Maybe this will lead many people opposed to stem cell research (not specific people on this thread, but the country in general) to oppose funding in general, if they don?t already. But people who?ve never had any problem with funding of controversial research who are suddenly deeply outraged that their tax dollars are going to something they personally consider immoral aren?t too convincing to me.

  21. Evan Williams:

    When the state steals money from everyone and then uses it to fund things which the state ( read: majority rule) deems worthy, there will always, always, always be conflicts. There will always be money spent on things that people don’t want it spent on.

    The point is so strong that I just wanted to repeat it! Also, I would just like to add that the things that the money is spent on might not actually even be sought by a majority, but rather, sought by the politically favored.

  22. I may not know when a fetus is a human, but I’m pretty sure it’s not at the blastula stage. If stem cell research, which uses undifferentiated (not 30 week old) cells, is cruel, why is it less cruel to just leave the embryos frozen forever? These embryos are mostly leftover from in vitro fertilization.

    I’m very uncomfortable with late term abortion. My belief is that life “begins” when the baby has a functional nervous system. The embryos they use for stem cells aren’t even close, they’re just a ball of undifferentiated cells. If anything, it’s a seed put in the ground and watered (pre-germination).

  23. I am confused. Is it true that private corporations have the right to do stem cell research? Is the only real question whether we have the Feds pay for it? Why aren’t the large biomedical firms doing this research? If stem cell research is the slam dunk some people say, why aren’t private companies getting involved?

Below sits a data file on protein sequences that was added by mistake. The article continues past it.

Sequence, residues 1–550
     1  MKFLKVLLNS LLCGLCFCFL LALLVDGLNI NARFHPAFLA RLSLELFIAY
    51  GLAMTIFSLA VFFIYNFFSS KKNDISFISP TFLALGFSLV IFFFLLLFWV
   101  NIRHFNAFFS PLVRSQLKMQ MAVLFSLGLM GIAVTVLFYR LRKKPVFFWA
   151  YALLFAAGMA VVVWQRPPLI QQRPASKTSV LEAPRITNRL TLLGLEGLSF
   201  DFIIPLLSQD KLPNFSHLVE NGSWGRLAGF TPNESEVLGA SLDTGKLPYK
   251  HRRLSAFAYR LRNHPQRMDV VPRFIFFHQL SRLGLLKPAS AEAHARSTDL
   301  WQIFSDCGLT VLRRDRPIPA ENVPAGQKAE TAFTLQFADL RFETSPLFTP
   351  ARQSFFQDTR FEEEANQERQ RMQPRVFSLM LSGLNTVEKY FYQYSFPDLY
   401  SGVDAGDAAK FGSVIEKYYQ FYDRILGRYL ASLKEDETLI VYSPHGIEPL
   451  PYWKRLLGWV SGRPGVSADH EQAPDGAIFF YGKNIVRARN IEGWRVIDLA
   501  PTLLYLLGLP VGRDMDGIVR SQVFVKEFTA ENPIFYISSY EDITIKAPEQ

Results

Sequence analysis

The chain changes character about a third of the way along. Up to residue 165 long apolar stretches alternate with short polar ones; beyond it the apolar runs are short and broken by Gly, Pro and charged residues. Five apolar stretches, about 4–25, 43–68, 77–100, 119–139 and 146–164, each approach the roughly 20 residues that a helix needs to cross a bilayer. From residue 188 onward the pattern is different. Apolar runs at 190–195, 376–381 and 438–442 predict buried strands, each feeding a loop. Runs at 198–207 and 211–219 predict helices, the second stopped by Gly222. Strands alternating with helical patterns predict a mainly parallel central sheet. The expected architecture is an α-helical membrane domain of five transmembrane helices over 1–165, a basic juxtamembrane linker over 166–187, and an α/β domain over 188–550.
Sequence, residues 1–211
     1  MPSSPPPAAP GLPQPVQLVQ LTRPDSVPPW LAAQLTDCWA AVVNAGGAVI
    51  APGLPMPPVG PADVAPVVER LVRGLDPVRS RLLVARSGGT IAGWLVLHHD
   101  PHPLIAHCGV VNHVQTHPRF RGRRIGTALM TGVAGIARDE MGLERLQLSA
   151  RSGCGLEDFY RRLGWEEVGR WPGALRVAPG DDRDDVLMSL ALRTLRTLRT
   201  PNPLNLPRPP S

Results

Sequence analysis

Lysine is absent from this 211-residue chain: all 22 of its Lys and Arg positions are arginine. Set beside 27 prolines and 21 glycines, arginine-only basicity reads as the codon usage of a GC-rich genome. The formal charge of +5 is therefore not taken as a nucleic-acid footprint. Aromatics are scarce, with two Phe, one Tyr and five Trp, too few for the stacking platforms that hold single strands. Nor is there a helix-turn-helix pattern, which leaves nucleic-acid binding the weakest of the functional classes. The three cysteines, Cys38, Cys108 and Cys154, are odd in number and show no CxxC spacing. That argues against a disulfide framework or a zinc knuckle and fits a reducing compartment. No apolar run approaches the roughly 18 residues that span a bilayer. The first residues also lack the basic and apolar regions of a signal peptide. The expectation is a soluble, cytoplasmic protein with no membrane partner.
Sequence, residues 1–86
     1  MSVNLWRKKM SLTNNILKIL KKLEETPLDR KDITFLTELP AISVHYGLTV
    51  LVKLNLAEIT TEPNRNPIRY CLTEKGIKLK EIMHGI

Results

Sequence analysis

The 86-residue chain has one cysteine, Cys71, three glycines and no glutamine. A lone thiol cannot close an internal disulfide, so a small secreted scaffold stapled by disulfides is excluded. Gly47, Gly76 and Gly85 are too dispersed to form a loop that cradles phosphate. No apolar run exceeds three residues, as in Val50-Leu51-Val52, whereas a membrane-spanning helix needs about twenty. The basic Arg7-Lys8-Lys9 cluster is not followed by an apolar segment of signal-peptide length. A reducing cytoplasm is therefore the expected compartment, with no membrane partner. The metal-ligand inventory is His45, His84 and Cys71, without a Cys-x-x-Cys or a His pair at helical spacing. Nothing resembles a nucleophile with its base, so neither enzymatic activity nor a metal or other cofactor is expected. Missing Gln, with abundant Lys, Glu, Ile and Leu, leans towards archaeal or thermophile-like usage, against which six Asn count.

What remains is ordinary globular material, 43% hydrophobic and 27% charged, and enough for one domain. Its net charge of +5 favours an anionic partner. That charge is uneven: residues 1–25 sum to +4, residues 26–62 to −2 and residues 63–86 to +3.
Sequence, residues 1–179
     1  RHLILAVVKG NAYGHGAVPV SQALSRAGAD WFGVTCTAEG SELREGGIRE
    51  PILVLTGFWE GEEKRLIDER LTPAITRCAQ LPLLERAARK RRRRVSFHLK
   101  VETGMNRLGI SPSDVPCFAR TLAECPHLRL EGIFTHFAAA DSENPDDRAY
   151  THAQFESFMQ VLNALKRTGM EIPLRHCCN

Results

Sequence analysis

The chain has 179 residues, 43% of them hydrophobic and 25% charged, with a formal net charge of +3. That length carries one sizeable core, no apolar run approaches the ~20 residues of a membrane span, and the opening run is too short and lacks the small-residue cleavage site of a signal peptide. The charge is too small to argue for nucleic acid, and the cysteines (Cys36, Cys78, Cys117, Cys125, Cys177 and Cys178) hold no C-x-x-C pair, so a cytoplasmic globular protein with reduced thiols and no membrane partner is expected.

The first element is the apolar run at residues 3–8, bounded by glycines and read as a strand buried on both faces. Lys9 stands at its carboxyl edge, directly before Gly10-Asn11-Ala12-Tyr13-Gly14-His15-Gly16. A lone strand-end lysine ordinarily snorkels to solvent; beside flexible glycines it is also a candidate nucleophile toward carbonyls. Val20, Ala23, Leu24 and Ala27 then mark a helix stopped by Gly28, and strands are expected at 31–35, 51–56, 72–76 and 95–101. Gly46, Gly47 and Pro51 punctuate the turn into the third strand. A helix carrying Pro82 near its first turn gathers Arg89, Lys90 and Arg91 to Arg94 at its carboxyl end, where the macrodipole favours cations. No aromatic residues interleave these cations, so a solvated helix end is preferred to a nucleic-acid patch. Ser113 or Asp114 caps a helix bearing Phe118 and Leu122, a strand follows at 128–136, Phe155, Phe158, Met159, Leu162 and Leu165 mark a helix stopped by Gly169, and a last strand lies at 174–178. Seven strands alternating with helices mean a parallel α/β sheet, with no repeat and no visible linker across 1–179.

24. I am confused. Is it true that private corporations have the right to do stem cell research? Is the only real question whether we have the Feds pay for it? Why aren’t the large biomedical firms doing this research? If stem cell research is the slam dunk some people say, why aren’t private companies getting involved?

  25. I am confused. Is it true that private corporations have the right to do stem cell research? Is the only real question whether we have the Feds pay for it? Why aren’t the large biomedical firms doing this research? If stem cell research is the slam dunk some people say, why aren’t private companies getting involved?

  26. Matthew,

    Here is an estimate of 11,500 dead innocent Iraqis as of May. Also it’s hard for me not to think of the conscripted Iraqi troops as quite innocent.

    http://news.independent.co.uk/world/middle_east/story.jsp?story=523991

  27. A National Academy of Sciences’ report concluded that:

    “Stem Cells and the Future of Regenerative Medicine”, concluded stem-cell-based therapies could alleviate much of the suffering of the 58 million Americans who will be struck in their lifetimes with cardiovascular diseases, the 30 million who will come down with autoimmune diseases, the 16 million who endure diabetes, the 5.5 million who will lose their minds to Alzheimer’s, and on”

    This is a great prospect! It’s happened before in free societies, scientific progress yielding significant and wide spread human betterment. But…

    The House of Representatives has twice voted for a ban on all human cloning research, including cloning to produce transplantable cells and tissues….what private company would invest in this research if tomorrow their researchers could be declared criminals and sent to jail?

    Of course, this isn’t just repression of science. It’s repression of the progress of humankind. This is the kind of stuff that dark ages are made of. If this is allowed to stand people will suffer because congress uses their power to stifle the fight against their affliction.

    However; IT IS NOT FAIR TO HAVE THE GOVERNMENT FUND STEM CELL RESEARCH!

    Beside the general reasons for the inequity of government funding of any research, it is especially unfair to force people who believe that it is based on infanticide pay for it. I personally think that the logic of this belief is flawed but that doesn’t matter. I have no right to use the government to force those who disagree with me to fund stem cell research.

    Anyway, private concerns and money will, no doubt, do it better anyway. Recall how Celera Genomics beat the government team in the race to crack the human genetic code.

  28. Mike A,

    I know that the House of Representatives has, at least, twice voted for a ban on all human cloning research, including cloning to produce transplantable cells and tissues. I’m pretty sure that these actions covered private corporations. I’m not sure of the effects of any subsequent congressional action.

  29. I heard Hatch on Imus, I think it was. Now that guy can spout some real whoppers. Forget Bush, Orrin is a lier of the first order. A true believer.